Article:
MARSEILLE — Have you met Pepper? This four-feet-tall emotion-reading robot is expected to hit stores soon in Tokyo, where technology lovers will be able to acquire one for the equivalent of $1,650. The child-faced robot, the latest invention of French start-up Aldebaran, was created to "live alongside humans." But household chores such as vacuuming or cooking are not among Pepper's abilities. Instead, this aristocrat of the robot tribe is more like Star Wars' C-3PO

Like its golden movie counterpart, it's a protocol droid, "endearing and kind," says Aldebaran's founder and CEO Bruno Maisonnier. It doesn't move the same way C-3PO does, but its many sensors feed its algorithms with information about the people it talks to, making conversations with the robot rather entertaining.

"Pepper understands our primary emotions: joy, sadness, anger, surprise, neutrality," Maisonnier explains. "It can determine the sex and the age of a person, and therefore identify all members of a family. It can keep up with 70% of a conversation. By analyzing our facial expressions, our vocabulary and our body language, it guesses your mood and adapts to your behavior. If you frown, it'll understand that something's bothering you and can try to cheer you up by, for example, playing a song you really like."

After having spent several months with the people at SoftBank, a Japanese telecom company and Aldebaran's primary shareholder, Pepper is said to spark as much curiosity as good humor. "Our goal is to make kind, pet-like humanoid robots that will live with humans as an artificial species," Maisonnier says.

From pouts and frowns to grins and smiles, our expressions betray pretty much all our feelings. And thanks to the progress achieved in mathematical analysis, artificial intelligence specialists have exploited this metalanguage of facial expression so that, one day, machines can have a certain form of empathy.

"Our faces contribute to 55% of the global impact of the message we're expressing," explains Axel Boidin, founder of French start-up Picxel, which specializes in facial recognition. "From a physiological point of view, emotional responses translate into a combination of distortions of our facial features that inform the people in front of us of our real intentions, and so contribute to coordinating the conversation. Robots will soon be able to understand these rules."

A longtime pursuit

Scientists have been trying to turn our mimicking into equations for a long time. In the 1970s, psychologist Paul Ekman even made it his specialty by decrypting the Rosetta Stone of emotions (what he called the "Facial Action Coding System"), which is now the basis of the universal alphabet book of behavioral psychology. The dictionary they thus devised lists the 10,000 facial expressions our 43 facial muscles are capable of producing. Most of them are funny faces, and we're able to distinguish a tiny part of the 3,000 combination that actually mean something.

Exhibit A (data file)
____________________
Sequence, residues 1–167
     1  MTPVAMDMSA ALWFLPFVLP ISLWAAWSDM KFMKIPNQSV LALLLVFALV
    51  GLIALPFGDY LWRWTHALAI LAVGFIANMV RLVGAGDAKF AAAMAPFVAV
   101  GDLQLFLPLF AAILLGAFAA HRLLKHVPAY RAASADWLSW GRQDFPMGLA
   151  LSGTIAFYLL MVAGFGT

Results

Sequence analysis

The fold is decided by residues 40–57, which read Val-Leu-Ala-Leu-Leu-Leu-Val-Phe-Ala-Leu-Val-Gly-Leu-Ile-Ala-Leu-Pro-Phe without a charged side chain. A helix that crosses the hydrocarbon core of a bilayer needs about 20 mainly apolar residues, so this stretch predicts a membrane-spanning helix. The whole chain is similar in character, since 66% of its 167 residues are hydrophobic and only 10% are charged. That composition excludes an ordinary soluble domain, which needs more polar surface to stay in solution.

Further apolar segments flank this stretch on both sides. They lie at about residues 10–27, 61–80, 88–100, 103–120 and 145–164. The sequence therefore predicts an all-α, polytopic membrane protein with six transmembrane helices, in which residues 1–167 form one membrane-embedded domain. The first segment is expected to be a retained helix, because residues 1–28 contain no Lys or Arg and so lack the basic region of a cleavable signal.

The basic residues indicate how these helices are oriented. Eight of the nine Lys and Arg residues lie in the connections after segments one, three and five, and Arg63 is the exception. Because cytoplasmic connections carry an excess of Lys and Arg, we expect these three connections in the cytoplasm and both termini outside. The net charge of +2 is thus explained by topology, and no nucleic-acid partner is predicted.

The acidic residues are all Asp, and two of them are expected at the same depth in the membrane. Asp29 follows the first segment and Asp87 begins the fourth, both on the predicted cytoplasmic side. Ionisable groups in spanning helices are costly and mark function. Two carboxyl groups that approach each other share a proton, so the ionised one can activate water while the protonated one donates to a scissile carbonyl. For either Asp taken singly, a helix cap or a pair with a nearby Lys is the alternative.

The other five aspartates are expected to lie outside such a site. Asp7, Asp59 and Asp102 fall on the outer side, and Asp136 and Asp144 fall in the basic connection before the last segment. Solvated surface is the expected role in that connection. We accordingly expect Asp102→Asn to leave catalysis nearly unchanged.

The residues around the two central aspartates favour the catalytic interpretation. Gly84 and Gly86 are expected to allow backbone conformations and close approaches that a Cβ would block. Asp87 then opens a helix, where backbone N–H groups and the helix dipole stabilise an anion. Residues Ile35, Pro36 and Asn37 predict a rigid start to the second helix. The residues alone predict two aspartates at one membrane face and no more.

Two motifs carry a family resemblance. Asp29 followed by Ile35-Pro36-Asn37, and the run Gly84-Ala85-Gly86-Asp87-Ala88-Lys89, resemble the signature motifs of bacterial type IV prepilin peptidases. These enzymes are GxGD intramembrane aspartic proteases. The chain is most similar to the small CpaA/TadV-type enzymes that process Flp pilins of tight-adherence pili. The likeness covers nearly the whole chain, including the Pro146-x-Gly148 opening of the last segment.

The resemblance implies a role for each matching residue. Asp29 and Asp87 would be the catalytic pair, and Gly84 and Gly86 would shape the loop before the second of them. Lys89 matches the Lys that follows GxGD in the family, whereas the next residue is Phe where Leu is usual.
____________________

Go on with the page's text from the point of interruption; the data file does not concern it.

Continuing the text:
Will a robot do better? At this point, the few companies that have gone into automated emotional recognition are a little bit powerless. They all know more or less how to identify the characteristic elements of the seven sorts of basic emotions Ekman listed. Most of them use image libraries as a comparison tool. In the U.S., the start-up Affectiva, founded by researchers from the Massachusetts Institute of Technology, uses a database of thousands of emotional reactions that allows its algorithms to decipher what a camera records. The company hopes to equip future smartphones with software capable of analyzing our reactions when we're following an online course or playing a video game.


Aldebaran robots — Photo: Facebook page

Picxel has a different approach. Its algorithm works with ultrafast cameras to track the micro-expressions that reveal our most intimate emotions. These muscular contractions don't last longer than a few microseconds, are impossible to control and, most importantly, they don't lie. They're the Freudian slips of our body language. 

Some of us are naturally able to perceive them, like Tim Roth's character in the series Lie To Me. Professor Ekman, who trains FBI and CIA agents, among others, also says that we can learn to read them — though the machine that can do this automatically hasn't been invented, yet. But "giving a camera the ability of tracking these unsaid emotions will revolutionize many fields," Boidin speculates.

In the future, stores could, for instance, use connected screens as a new sort of dressing room. These screens could analyze our reactions while suggesting different products to determine what we like most. In different sections of a store, they could also determine which products best attract consumers attention.

These powerful tools will eventually enable pollsters to collect impartial information on how a film, politician or advertisement is perceived. "With those tools, our computers will be able to automatically adapt the environments and luminosity depending on our mood, as well as adapting their behavior," Boidin explains. "They'll know they should be accommodating if they see we're angry, or stimulating if they think we're being apathetic."

In cars, emotion detectors will come in handy to anticipate the first signs of fatigue. Connected to surveillance cameras at border checkpoints, airports and public places, as Paul Ekman envisions, they'll be able to identify suspicious behavior to help locate terrorists.

"The collected data will enable us to build incredibly evolved models on how we behave, how we make decisions and engage," Ekman says. In other words, intuition will soon be a thing of the past.